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Transkills: supporting transition to University


Using a referencing system

It is important that you reference the work of others very carefully in your dissertation. The meticulous use of an established referencing system is vital:

  • it allows your reader to find the works you mention easily.
  • it shows the reader/examiner clearly which ideas in the dissertation are your own interpretations and should be credited as such.
  • it protects you from any suspicion of plagiarism.
  • it demonstrates that you have mastered the technical skills of scholarly research and writing.
  • it demonstrates the care, consistency and attention to detail which always accompany high-quality research.

You are free to choose either of the two main referencing systems set out in the Style Guide of the MHRA (Modern Humanities Research Association): the traditional footnote system, or the author-date system. The one used here is a slightly simplified version of the standard MHRA footnote system, as it is more commonly used than the author-date; although it may initially seem more complicated, it deals more effectively with a wider range of bibliographic items and also has the advantage of being more elegant. Whichever system you choose, it is important to use it consistently throughout your dissertation. Examiners will award or deduct marks for the scholarly presentation of your work.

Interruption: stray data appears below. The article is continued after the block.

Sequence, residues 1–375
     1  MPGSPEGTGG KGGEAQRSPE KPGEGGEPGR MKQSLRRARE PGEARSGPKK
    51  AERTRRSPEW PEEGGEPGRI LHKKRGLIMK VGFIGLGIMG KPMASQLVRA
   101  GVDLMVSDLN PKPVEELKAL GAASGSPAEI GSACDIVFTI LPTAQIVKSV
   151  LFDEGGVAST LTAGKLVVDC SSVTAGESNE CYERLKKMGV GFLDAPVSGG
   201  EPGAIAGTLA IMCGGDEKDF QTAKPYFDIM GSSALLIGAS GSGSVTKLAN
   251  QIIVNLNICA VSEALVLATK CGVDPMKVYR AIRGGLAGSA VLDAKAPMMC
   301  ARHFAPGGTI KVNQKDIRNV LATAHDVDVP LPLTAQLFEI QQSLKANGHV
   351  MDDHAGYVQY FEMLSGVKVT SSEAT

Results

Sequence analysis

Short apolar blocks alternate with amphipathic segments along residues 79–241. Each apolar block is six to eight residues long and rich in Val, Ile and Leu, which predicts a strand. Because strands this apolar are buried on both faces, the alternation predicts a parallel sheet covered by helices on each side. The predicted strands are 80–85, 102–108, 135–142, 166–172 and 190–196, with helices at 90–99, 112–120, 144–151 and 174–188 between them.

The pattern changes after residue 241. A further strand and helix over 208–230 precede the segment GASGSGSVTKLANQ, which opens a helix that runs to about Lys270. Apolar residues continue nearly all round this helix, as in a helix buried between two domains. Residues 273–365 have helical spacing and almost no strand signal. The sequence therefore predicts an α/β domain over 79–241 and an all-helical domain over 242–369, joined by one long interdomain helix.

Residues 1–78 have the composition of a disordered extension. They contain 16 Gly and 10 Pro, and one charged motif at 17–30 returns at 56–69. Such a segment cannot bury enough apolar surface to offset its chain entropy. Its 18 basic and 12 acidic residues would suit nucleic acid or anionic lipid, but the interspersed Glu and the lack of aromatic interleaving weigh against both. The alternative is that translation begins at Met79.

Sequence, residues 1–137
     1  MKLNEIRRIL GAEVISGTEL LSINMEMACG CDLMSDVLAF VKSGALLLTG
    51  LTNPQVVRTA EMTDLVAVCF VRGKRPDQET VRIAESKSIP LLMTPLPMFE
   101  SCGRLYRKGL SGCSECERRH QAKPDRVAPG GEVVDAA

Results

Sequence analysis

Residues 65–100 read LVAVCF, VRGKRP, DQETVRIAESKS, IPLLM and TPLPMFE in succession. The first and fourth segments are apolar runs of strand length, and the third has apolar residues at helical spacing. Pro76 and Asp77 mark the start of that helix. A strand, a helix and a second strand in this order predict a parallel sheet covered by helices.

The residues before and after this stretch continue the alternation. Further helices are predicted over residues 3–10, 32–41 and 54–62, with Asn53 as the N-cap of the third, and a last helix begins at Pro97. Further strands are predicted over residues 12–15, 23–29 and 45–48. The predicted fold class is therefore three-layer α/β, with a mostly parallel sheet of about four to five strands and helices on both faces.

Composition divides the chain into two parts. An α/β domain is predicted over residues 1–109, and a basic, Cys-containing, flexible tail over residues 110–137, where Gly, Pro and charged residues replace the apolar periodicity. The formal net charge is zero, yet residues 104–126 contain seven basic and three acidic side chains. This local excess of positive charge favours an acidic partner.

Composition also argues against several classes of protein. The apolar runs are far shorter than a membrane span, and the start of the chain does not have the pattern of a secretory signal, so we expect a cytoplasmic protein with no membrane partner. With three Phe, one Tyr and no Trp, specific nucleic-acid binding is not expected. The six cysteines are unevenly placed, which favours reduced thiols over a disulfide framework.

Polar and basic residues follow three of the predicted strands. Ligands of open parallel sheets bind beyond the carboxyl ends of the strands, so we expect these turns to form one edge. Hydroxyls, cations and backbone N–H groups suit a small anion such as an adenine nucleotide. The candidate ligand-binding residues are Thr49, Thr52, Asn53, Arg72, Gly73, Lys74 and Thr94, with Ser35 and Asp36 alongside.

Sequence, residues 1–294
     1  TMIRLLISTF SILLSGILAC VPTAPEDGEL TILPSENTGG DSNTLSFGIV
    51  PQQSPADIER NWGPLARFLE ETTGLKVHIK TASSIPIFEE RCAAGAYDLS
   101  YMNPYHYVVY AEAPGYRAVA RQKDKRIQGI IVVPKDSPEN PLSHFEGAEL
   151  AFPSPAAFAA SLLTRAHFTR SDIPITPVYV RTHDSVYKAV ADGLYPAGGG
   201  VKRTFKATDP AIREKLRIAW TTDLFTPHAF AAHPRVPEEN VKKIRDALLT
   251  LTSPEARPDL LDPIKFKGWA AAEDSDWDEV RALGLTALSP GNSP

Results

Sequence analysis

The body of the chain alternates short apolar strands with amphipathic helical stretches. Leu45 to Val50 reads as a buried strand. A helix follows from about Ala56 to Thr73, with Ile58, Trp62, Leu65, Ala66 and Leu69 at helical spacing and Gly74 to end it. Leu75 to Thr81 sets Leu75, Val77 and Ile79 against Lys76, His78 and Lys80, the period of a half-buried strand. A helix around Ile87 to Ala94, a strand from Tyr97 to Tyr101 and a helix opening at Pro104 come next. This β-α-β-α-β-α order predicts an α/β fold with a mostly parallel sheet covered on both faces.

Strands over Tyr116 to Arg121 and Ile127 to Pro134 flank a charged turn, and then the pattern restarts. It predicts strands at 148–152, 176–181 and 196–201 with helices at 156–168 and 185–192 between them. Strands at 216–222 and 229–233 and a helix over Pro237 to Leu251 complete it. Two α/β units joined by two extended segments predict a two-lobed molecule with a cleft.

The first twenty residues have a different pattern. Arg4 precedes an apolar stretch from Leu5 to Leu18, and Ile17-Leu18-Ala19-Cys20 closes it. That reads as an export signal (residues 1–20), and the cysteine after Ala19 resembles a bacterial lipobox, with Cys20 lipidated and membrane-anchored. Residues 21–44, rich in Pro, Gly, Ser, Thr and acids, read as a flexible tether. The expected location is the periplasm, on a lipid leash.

The full MHRA Style Guide may be downloaded from

Referring to titles of works

  • use italics for the titles of complete books, plays, edited volumes, anthologies or journals
  • use single inverted commas (quotation marks) for sections of books, e.g. the titles of individual poems, short stories, articles within a journal, essays within an edited volume
  • make sure you apply the capitalization rules of different languages for titles: they are often different from English. A concise set of rules for each language is set out in the MHRA Style Guide, downloadable from
  • avoid inelegant contractions or the use of initials for titles, e.g. TJE for La tía Julia y el escribidor; instead choose a shortened version of the title, e.g. La tía Julia.

Referring to authors or other people

At the first mention of an author or any other person in your dissertation, give the first name and the surname. Thereafter, refer to them only with the surname. Where a surname unambiguously refers to a famous person (e.g. Plato, Shakespeare), you do not need to use their first name.